Philemon 4-7. 4 I thank my God always when I remember you in my prayers, 5 because I hear of your love and of the faith that you have toward the Lord Jesus and for all the saints, 6 and I pray that the sharing of your faith may become effective for the full knowledge of every good thing that is in us for the sake of Christ. 7 For I have derived much joy and comfort from your love, my brother, because the hearts of the saints have been refreshed through you.
You think your church is awkward? Imagine going to a church where slaves and their masters all attend together. Welcome to the first century church in the Roman Empire.
Now imagine that a man who is a leader in the church – his house is where the church meets, his wife bakes muffins every week, his son probably leads the singing – has a slave who is also a church member. And now imagine that that slave has run away. Escaped. But he ran away to the same apostle who just wrote your church a letter about the supremacy of Christ and his love (Colossians). And now imagine that that apostle actually wants to send that slave back home. And not just back to the same house, but back to the same church. Like I said, awkward. Welcome to the book of Philemon.
Church life can be such a beautiful mess can’t it? Unfortunately, we are often blinded by the messiness of church, and fail to see the beauty behind it all. But the only way to see past the messiness of your church is to make it truly personal. You have to get to know people. If you only look at a church as a whole, of course, it will often look like a dumpster fire of contention, division, and pettiness. Or elitism, apathy, laziness, self-righteousness, hypocrisy (OK we get the point).
But if you really want to move past all this and see the beauty, you have to take a deep dive into the lives of the individuals. You have to invest in them. You have to get messy with them. You have to pray for them. You have to thank God for them. You have to love and allow yourself to be loved by them.
You have to share their faith.
When we see the phrase “sharing your faith,” in verse 6, we might think about witnessing. But what it actually says is “I pray that the koinonia of your faith.” Koinonia. Often translated as fellowship or sharing as it is here. But it really means partnership.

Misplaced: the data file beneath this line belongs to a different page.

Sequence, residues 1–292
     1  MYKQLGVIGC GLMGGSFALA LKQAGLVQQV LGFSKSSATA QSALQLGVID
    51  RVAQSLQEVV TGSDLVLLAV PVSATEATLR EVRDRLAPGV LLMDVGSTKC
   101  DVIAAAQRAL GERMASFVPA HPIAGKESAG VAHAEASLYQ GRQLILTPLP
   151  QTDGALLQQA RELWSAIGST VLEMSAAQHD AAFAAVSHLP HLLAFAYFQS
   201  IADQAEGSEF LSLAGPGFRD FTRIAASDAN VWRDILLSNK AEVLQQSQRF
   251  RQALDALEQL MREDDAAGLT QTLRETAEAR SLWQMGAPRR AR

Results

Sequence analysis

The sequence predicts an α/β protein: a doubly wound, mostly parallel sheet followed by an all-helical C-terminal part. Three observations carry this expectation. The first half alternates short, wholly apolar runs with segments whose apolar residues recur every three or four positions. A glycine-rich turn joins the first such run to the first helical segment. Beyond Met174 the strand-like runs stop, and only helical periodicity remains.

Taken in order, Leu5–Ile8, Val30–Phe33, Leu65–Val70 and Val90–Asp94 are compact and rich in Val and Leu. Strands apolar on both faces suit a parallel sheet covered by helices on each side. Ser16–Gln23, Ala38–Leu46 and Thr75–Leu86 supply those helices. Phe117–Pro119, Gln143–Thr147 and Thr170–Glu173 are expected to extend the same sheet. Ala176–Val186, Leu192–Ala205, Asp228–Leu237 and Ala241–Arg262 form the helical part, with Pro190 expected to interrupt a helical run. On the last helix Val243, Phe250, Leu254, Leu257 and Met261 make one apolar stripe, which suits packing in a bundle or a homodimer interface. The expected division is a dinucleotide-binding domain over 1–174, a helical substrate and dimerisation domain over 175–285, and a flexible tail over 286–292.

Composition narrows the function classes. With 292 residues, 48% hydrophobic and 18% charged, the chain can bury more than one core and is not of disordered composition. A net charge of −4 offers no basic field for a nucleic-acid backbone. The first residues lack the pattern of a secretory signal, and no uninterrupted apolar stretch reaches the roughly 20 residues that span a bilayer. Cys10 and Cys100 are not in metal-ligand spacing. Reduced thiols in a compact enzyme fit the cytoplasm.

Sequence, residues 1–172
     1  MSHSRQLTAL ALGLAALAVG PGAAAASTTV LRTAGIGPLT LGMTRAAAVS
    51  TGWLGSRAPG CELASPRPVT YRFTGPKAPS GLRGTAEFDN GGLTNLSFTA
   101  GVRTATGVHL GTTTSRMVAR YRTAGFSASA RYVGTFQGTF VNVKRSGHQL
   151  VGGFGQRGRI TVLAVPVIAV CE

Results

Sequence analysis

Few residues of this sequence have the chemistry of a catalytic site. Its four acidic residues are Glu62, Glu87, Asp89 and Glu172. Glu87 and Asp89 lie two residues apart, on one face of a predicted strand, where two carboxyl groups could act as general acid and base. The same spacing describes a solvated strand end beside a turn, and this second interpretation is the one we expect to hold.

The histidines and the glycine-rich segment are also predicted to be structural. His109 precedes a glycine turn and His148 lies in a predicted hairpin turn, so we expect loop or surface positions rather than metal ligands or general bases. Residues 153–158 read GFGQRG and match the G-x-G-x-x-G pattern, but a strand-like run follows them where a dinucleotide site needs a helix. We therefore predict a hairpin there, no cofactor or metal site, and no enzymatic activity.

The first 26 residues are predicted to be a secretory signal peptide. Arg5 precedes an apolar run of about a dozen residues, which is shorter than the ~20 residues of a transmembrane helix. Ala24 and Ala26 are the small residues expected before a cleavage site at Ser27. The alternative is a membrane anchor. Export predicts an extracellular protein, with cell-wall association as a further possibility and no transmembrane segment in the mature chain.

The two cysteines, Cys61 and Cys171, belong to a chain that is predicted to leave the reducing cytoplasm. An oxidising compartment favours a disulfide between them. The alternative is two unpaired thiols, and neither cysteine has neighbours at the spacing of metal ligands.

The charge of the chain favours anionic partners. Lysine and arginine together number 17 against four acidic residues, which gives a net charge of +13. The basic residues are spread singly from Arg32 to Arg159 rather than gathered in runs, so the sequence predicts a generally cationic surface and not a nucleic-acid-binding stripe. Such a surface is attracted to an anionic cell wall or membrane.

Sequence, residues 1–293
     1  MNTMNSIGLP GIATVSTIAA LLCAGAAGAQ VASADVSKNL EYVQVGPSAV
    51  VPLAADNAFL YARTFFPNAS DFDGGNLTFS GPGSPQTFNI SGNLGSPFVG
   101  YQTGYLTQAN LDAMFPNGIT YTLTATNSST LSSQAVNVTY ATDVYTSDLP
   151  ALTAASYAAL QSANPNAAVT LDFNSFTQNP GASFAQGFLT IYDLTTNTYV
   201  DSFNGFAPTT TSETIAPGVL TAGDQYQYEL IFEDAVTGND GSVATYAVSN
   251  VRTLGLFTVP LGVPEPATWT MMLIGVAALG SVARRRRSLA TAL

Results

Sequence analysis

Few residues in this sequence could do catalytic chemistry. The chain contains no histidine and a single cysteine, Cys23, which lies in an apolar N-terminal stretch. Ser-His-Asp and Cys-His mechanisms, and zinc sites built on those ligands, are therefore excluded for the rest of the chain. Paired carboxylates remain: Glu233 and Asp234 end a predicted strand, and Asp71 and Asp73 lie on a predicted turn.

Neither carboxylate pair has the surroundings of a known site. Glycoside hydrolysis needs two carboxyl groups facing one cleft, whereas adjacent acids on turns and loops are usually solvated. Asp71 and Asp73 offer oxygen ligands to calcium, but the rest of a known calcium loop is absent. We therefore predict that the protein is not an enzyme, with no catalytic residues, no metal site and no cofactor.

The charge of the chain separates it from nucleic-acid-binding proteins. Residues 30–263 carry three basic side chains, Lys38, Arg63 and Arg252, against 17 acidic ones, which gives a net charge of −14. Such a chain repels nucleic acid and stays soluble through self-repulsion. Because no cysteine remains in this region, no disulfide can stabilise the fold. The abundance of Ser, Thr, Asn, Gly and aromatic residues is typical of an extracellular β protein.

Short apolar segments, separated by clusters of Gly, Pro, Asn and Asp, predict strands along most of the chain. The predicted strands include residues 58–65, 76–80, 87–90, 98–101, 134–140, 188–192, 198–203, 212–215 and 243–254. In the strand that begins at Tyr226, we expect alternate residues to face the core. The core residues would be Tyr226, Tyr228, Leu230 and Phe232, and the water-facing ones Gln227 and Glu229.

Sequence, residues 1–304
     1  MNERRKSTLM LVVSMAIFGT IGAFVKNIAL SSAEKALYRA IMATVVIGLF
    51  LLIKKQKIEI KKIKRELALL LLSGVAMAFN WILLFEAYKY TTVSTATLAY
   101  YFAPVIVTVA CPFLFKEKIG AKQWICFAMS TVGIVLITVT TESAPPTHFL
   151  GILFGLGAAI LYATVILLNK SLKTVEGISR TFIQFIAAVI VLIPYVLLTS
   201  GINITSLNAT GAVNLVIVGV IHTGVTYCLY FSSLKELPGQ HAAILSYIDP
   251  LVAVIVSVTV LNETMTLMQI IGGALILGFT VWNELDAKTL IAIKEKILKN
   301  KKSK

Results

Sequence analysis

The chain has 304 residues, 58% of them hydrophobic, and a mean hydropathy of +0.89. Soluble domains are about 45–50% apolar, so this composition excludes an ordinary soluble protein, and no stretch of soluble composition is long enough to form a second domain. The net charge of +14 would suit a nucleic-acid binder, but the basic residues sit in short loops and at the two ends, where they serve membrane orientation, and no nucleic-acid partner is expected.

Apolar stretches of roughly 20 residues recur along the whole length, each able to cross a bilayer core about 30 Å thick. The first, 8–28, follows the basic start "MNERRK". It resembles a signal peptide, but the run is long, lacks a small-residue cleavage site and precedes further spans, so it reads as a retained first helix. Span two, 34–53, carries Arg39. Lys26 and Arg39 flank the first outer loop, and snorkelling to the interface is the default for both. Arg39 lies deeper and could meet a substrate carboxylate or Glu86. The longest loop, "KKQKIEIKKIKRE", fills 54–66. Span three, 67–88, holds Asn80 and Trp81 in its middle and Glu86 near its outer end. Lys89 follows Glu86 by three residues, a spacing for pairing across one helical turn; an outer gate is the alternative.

Paul is calling Philemon (the guy who is a leader in the church and owns a runaway slave) his partner in the faith. His partner in the gospel. And because they are partners in the gospel, Paul could never overlook the messiness of this whole situation. He has to embrace the mess. Why? Because he loves Philemon. And he has been loved by Philemon. He has derived much joy and comfort from him over the years. And (as we will see) he deeply loves Onesimus, the runaway slave, too.
Could Paul have just chalked all this up to “Christians behaving badly.” Or, “There goes that bunch of hypocrites again.” Or, “I love Jesus but not the church.” Or, “Well slavery is bad anyway so we don’t have to say anything to Philemon.”
Does any of this sound familiar?
Have you given up on the church because it got too messy? Too complicated? Too much of a head-ache? Too overwhelming? Too judgy?
I have. Oh, I didn’t stop attending (good Christians have to go to church – right?). But I stopped caring about anyone there. Why? Because I was never invested in actual lives. I didn’t see anyone as my partner in the gospel. I saw it as an institution, an organization, that let me down and hurt my feelings. Not as people who wanted the same thing I did – the supremacy and love of Christ to be made known IN the messiness. THROUGH the awkwardness. BY the conflict.
It wasn’t until others really joined their lives to mine, and I learned to do the same, that I really began to love the church. Not the institution, but the body. The people. I began to see the partnership. And I began to see that none of us is perfect, but we are all becoming effective for the full knowledge of every good thing that is in us for the sake of Christ. Which I think simply means that we’re all journeying through this life trying to figure out everything Christ has done for us and in us each little baby step along the way. So can we all just be a little bit more patient?
“To live is Christ” allows us to see past the messiness of the church and into the hearts of others where we see that Jesus is up to something. Yes, it’s slow and messy. But it’s also beautiful. Just ask Philemon and Onesimus.
Have you quit on church (or are you tempted to quit)?
You in Christ
How does union with Christ allow us to partner with others for the gospel, even when it’s messy?
Christ in you
How can you invest in a partnership for the gospel with others in your church?
Playlist: The Beautiful Church.